And just where have you been?

I finally saw Yum-Yum this morning. His fur is getting darker so either I’m feeding him too much (he’s getting fatter and so the body heat that keeps him white is having trouble getting to his fur), he’s been in a really warm place the last few days or been inside. No clue where that would be.

Adult Siamese darken as the age. They also darken because of various temperature changes in their environment. For example a cat kept outdoors will usually be darker then a cat kept indoors. Every point color darkens with age but seals and blues darken much more then the chocolates and lilacs.

If I haven’t mentioned before, I’ve never had or been around Siamese cats a whole lot. So these two are certainly little teachers. Somewhere back there is some pictures of Yum-Yum and KoKo and they are night and day. KoKo is the darker one and Yum-Yum has always been the light one. Hubby could never tell them apart, but I could. Yum-Yum is taller (if that makes sense) and lankier. Not to mention the most vocal. KoKo is smaller, darker and not as loud.

In other news, Ringling Bros Circus is being forced to shut down. Granted I’ve never been a big fan of how any traveling show treats their animals, but at the same time a tradition is ending and all because even though things got better for the animals it just was not enough for those who pretend to care for the animals.

Once the elephants in the room disappeared, it turns out the circus itself wouldn’t be far behind.

After 146 years under big top tents, executives of the Ringling Bros. and Barnum and Bailey Circus announced Sunday it would close forever in late May.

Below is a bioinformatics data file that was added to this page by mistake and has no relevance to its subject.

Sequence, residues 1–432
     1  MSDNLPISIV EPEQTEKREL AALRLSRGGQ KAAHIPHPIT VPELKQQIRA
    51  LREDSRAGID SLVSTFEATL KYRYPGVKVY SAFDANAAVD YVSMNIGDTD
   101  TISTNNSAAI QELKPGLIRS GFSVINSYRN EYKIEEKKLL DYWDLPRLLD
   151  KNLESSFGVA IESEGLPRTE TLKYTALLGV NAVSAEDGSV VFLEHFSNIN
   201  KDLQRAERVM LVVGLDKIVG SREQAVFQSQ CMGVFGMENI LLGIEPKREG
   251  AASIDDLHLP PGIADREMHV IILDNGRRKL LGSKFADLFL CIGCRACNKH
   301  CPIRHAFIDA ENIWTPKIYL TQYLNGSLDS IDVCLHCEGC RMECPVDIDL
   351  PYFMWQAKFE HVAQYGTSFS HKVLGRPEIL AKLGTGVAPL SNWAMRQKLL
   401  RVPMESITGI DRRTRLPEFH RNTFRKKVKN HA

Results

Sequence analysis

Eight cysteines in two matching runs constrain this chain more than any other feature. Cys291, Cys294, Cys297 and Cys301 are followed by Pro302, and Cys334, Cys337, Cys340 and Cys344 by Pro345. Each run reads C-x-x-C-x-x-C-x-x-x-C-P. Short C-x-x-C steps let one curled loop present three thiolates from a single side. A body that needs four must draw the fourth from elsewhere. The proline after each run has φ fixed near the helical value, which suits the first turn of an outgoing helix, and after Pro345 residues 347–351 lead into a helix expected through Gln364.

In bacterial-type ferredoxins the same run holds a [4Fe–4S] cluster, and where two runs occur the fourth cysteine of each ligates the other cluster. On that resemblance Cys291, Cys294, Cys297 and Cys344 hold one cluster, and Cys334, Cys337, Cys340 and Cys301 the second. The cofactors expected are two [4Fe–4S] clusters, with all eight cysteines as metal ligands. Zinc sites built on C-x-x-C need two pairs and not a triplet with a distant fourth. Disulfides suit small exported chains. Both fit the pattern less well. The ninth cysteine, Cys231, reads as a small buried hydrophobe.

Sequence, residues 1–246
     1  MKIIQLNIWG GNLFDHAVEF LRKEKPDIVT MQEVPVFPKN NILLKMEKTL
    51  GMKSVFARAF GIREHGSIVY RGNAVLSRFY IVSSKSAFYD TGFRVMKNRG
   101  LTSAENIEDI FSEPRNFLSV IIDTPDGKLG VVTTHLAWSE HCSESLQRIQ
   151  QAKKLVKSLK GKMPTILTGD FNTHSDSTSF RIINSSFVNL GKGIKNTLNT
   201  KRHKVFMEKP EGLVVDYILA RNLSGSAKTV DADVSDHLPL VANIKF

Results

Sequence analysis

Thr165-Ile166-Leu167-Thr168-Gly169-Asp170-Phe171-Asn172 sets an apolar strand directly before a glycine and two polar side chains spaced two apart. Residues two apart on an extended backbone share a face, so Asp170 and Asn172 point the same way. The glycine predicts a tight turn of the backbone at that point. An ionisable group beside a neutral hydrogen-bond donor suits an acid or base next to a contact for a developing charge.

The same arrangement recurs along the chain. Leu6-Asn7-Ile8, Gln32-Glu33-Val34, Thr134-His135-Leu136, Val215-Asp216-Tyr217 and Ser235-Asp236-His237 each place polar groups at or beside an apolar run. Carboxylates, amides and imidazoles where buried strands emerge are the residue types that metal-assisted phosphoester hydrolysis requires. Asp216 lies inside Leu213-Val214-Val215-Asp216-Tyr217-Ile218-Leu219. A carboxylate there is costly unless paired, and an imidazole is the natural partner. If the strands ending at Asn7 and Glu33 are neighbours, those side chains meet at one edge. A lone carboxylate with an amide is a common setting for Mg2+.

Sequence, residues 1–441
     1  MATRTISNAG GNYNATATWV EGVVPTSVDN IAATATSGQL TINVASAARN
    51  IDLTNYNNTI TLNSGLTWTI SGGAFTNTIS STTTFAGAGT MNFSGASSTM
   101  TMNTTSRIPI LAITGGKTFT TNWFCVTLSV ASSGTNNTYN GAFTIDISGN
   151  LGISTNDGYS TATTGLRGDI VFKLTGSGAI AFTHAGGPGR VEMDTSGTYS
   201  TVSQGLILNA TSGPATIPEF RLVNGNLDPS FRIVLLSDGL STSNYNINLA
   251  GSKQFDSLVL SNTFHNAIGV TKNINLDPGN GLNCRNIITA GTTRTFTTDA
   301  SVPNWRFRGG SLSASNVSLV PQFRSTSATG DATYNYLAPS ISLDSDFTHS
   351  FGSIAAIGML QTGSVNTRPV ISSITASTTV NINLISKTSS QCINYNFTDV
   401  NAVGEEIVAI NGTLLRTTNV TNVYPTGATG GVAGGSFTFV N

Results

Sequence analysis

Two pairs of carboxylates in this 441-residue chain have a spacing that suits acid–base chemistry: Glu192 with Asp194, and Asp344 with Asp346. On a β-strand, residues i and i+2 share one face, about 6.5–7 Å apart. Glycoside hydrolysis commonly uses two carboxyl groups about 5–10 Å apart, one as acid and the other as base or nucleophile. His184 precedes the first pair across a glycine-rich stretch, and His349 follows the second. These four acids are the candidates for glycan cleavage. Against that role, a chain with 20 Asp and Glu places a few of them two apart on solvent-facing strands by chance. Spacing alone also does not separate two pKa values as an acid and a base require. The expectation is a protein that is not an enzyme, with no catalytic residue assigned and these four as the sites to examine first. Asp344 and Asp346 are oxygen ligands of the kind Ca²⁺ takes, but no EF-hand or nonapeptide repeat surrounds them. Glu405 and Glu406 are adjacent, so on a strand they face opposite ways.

“Ringling Bros. ticket sales have been declining, but following the transition of the elephants off the road, we saw an even more dramatic drop” said Kenneth Feld, CEO of Feld Entertainment that produces the circus. “This, coupled with high operating costs, made the circus an unsustainable business for the company.

The beginning of the end of “The Greatest Show on Earth,” can be traced to the mid-1990s, when the ABC7 I-Team exposed violent methods used by circus elephant trainers.

A 1995 I-Team investigation “Tamed or Tortured” revealed heavy-handed tactics employed by circus trainers and animal handlers to control elephants and teach them so-called “tricks.” The I-Team showed how circus workers used metal “bull hooks” on elephants to make them respond-and the bloody injuries that accompanied such tactics.

Circus executives maintained their methods were intended to humanely guide the animals and not inflict harm-but videos showed a more brutal reality.

According to Ringling data in 1995, the circus owned 43 elephants, and a 200-acre “Center for Elephant Conservation” in central Florida. The I-Team visited that site in 1995. Ringling was said to have owned the biggest herd of Asian elephants in North America

The drumbeat against Ringling, its owner and circus producers became louder the past two decades with some cities banning the use of performing elephants in traveling shows.

In 2015 Ringling officials announced that they would phase out elephants from all performances, but it was apparently too late. Attendance never recovered. Circus officials, who informed 500 employees this weekend after performances in Orlando and Miami, have said they will hold a news conference on Monday to discuss the decision.

At one time the Ringling Bros. had three touring circuses, and made annual stops in Chicago and Rosemont. Now down to two touring units, there will be 30 more shows between now and May. Before the tents come down forever, stops include Atlanta, Washington, Philadelphia, Boston and Brooklyn. The final shows will be in Providence, Rhode Island, on May 7 and at the Nassau County Coliseum in New York on May 21.

The circus goes back to the mid-1880’s. Phineas Taylor Barnum made a traveling spectacle of performing animals and human oddities, while the five Ringling brothers performed juggling acts and skits from their home base in Wisconsin. Eventually, they merged and the modern circus was born under one name and single big top.